Being an open access operator has probably allowed Hull Trains to do things differently at times. The company prefers to avoid rail replacement services during planned engineering works and trains will sometimes divert via Sheffield and down the Midland Main Line into St Pancras, if King’s Cross is closed. Yes, it’s a slower journey but the thinking is that passengers prefer that to using a replacement bus for some of the way.

During one engineering blockade on the East Coast Main Line, two First Group open access operators used a bit of joined-up thinking. Lumo, the open access operator set up in 2021, ran a train from Edinburgh to Doncaster, where passengers could connect onto a 10-carriage Hull Trains service running to London via a diversionary route through Lincoln.

Increasingly these two operators work closely together, sharing some back office functions such as marketing and PR. Hull Trains and Lumo have a joint managing director in Martijn Gilbert, who now also oversees the cable car which crosses the Thames in London’s Docklands.

Both Hull Trains and Lumo have plans to extend their open access operations. As Hull was identified as a gap in the market by Renaissance Trains in the late 1990s, the team behind Lumo and Hull Trains are eyeing up areas close to Sheffield and Manchester.

Sheffield hasn’t had a direct rail link with King’s Cross since 1968 but that could be about to change with plans for a new direct train service via Worksop and Retford. Branded “Sheffield by Hull Trains,” the planned two daily return journeys would serve a population of around 350,000 around Worksop, which hasn’t seen a direct train to London since the 1960s.

In the same way that people in Hull and East Yorkshire saw their service increase from one to eight trains a day thanks to open access operations, a growing population in parts of Nottinghamshire and South Yorkshire could enjoy a better train service from the second half of 2025.

Would this happen without open access? Possibly but history tells us it’s unlikely

Would this happen without open access? Possibly but history tells us it’s unlikely. Successive franchised operators on the East Coast Main Line could have introduced more trains to Hull but chose not to. Yes, LNER is to be congratulated for starting services to new destinations such as Lincoln, but open access operators are able to offer more choice.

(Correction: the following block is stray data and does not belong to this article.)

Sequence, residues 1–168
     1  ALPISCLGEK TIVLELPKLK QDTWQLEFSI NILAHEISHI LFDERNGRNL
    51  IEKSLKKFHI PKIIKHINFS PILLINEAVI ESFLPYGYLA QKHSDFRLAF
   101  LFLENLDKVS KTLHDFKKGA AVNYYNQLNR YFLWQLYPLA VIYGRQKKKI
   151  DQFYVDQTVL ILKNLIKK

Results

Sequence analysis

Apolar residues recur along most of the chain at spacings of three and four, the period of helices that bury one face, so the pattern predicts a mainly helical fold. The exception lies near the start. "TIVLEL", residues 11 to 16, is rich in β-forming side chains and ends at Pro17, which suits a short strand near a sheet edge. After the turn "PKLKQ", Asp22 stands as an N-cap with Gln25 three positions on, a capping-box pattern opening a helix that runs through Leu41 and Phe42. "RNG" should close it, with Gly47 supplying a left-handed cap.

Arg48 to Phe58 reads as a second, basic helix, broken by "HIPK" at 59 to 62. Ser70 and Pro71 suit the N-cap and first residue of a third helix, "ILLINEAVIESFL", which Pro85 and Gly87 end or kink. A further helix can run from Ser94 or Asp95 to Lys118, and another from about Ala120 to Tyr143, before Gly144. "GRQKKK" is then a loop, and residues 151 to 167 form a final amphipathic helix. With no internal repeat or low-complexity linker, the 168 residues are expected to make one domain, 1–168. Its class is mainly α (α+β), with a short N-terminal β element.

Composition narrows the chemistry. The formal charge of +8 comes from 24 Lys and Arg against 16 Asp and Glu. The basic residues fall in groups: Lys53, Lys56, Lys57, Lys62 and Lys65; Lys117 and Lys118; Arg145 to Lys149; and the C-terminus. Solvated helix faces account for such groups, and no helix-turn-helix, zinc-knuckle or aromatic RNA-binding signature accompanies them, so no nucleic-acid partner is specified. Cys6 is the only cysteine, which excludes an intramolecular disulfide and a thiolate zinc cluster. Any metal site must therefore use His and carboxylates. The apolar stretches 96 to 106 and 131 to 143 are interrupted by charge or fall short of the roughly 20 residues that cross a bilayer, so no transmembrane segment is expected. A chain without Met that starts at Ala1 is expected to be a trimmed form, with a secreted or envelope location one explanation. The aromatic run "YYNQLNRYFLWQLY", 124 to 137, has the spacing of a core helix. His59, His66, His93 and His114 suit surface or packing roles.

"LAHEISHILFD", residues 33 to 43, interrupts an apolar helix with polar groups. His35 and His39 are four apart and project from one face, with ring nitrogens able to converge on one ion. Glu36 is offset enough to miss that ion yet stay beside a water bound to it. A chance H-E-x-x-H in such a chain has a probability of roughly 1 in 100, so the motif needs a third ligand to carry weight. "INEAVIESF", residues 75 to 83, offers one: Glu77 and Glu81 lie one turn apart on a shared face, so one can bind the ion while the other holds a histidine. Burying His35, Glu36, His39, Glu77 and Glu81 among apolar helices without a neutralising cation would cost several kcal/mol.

Lumo has submitted plans to the Office of Rail and Road (ORR) for a new train service from Rochdale to London. Ten miles northeast of Manchester, the birthplace of the singer Lisa Stansfield last saw a direct London train at the turn of the new millennium.

The planned services would also run via Eccles and Newton-le-Willows, again both without direct links to the capital, and Lumo estimates its new trains could benefit a wider catchment area of some 1.6 million people. It’s hoped these new services will start in 2027.

Our open access model focuses on giving good value fares and really good quality service and gives customers choice

The man in charge of Hull Trains and Lumo, Martijn Gilbert, told me: “Our open access model focuses on giving good value fares and really good quality service and gives customers choice.”

“There’s a little bit of healthy competition … it keeps pricing keen … it makes the whole railway a more viable option for more journeys.”

Certainly, more journeys are being made on First Group’s open access operators – 2.2 million journeys on Hull Trains and Lumo combined in 2023, up 8% on the previous year. Hull Trains has recorded the strongest recovery of any UK rail operator after the pandemic.

The new Labour government is promising to “achieve high standards in our rail services,” with a new arms-length body, Great British Railways. However, will the government support open access operators, such as Hull Trains and Lumo?

In her previous role as shadow transport secretary, Louise Haigh opened Hull Trains’ new driver simulator on May 31, just over a week after the announcement of the General Election.

While in Hull, Louise Haigh said Labour would reform the way applications are made: “At the moment, it’s really burdensome. I’ve heard anecdotes of operators taking months, if not years, to get decisions made – such as stopping at certain stations. We want to speed up those decisions.”

Labour’s manifesto says “wherever there is a case that open access adds value and capacity to the network, they will be able to continue to compete to improve the offer to passengers”.

Whatever lies ahead, it seems clear that Hull Trains and Lumo will have green lights to continue and develop their operations. Open access is here to stay.

ABOUT THE AUTHOR: Andy Comfort is a former BBC Local Radio presenter and news editor and now works as a freelance rail journalist..

This story appears inside the latest issue of Passenger Transport.